Scientia potentia est. The observation rings as true today as it was in Sir Francis Bacon’s time in 16th century England. If you have an understanding of the work of a language services provider (LSP), you can ensure that you are receiving the services you require; the services are of the right quality; and the prices are kept to a minimum. At times, that is easier said than done.
In this month’s Client Education Series post, we will look at ways to have an idea of exactly what you, as a purchaser, want. Of course, it is possible to send a document to an agency and tell them to simply translate it. Although the translation will be provided, but not without exposing your business to a great deal of risk, which is simply not necessary.
Here is a quick example. Let’s say that Eduardo is a musician in Argentina. He wants to translate his new personal website from Spanish into English. The website consists of four pages on the topic of musical instruments. Eduardo finds two translation agencies online and sends each a letter asking for a quote. Within a day he receives two different quotations; one asking $500 and the second $1,500. Which agency should Eduardo choose? Neither.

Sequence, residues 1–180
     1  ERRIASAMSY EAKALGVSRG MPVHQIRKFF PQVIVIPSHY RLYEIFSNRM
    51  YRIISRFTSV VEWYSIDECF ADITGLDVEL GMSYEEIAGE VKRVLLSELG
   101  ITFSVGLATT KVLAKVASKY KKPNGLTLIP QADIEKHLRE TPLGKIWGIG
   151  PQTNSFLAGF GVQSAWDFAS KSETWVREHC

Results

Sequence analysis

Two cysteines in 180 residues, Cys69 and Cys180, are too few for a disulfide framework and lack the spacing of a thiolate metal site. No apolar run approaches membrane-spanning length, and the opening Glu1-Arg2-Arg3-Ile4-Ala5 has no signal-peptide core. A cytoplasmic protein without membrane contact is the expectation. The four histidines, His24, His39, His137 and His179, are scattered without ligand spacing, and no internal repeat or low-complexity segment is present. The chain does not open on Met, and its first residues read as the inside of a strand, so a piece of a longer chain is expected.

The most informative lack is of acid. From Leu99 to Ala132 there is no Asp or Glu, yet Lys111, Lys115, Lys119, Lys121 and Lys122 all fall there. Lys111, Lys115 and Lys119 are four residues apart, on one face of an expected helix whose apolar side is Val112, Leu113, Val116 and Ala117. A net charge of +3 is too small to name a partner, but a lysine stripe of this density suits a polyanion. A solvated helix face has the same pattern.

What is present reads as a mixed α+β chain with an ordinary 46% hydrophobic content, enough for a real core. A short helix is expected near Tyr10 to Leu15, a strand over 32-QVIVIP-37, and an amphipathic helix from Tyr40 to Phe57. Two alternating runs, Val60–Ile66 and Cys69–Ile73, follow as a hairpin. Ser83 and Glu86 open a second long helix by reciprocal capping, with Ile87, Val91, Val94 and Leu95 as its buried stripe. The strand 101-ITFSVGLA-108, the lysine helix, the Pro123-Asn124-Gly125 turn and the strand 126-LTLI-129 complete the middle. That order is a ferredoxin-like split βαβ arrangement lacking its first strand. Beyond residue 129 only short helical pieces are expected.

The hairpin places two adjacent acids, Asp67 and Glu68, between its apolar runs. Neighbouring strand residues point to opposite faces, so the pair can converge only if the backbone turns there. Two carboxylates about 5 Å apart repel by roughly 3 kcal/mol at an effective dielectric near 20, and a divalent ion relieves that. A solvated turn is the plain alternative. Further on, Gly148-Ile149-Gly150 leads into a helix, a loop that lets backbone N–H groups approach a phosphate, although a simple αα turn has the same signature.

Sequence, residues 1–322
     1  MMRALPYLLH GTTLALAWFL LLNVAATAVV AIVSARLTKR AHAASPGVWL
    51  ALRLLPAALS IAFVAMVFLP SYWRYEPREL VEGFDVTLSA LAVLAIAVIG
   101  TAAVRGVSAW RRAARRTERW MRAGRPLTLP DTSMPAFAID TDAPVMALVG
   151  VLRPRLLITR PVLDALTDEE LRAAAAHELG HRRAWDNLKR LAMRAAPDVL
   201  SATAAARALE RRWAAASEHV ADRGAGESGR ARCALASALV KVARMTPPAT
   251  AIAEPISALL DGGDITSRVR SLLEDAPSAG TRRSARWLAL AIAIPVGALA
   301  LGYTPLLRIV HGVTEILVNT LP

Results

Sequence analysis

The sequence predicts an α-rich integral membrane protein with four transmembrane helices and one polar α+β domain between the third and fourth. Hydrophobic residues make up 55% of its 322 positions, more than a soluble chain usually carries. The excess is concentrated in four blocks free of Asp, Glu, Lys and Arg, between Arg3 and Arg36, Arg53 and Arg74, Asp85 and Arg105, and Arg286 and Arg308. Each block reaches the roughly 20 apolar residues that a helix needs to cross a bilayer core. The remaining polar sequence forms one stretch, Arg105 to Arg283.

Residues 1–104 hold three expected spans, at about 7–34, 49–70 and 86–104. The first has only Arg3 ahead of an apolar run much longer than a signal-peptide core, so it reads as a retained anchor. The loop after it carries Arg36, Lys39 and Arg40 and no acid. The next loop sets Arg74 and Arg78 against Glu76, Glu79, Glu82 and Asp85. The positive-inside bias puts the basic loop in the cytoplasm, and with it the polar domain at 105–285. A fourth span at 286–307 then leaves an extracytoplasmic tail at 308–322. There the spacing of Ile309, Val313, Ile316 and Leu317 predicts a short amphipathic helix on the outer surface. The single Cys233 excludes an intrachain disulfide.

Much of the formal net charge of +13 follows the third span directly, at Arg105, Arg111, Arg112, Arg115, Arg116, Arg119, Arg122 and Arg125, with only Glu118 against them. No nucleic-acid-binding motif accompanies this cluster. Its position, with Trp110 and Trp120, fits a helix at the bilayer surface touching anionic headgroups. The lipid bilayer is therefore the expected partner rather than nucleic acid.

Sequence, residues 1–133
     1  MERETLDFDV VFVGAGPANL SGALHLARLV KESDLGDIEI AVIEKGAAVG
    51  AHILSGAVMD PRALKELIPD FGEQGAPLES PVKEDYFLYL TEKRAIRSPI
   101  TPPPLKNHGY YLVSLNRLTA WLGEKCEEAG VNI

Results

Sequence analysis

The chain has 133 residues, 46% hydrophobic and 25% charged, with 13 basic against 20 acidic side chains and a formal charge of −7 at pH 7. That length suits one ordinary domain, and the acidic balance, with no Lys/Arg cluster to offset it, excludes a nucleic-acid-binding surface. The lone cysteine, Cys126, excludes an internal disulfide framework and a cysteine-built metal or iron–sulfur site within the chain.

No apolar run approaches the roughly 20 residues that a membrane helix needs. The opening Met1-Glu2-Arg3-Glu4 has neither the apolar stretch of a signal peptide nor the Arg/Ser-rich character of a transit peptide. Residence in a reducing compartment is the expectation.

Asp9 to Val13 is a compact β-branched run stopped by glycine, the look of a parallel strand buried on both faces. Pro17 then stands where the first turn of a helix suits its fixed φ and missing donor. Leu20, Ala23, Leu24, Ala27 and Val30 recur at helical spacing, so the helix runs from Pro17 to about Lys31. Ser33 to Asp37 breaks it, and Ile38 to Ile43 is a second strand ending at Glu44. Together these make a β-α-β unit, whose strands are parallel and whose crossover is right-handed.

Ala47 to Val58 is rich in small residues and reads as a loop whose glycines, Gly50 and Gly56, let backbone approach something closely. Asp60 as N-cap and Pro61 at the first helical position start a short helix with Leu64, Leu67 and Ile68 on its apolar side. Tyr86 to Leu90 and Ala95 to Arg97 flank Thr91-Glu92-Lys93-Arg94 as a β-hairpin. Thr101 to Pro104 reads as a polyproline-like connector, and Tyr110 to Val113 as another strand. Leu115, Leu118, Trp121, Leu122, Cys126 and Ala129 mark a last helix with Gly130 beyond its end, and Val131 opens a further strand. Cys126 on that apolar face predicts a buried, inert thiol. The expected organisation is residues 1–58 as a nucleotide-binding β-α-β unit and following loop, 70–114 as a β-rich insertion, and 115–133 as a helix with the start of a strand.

Website translation is a complex project. Neither LSP sent a query inquiring Eduardo’s expectations: How long the pages are? How will the translation be delivered? In a Word file, or a bilingual Excel file? Or, perhaps, in an HTML file? What content management system does the website use? Does the translator require an acquaintance with musical instruments? Does everything need to be translated? Which variation of the English language Eduardo is looking for? The lack of curiosity on the part of translation agencies is appalling. We can only pray the final product does not turn out to be a fiasco.
Every agency has its own framework for managing translation projects. Your company cannot change it. But by figuring out what you need, you can hire an LSP that understands your unique requirements and is willing to deliver the finished product staying in your budget and time while maintaining the quality standards your business deserves.
Let’s have a look at the seven questions you should ask yourself before telling an LSP to translate.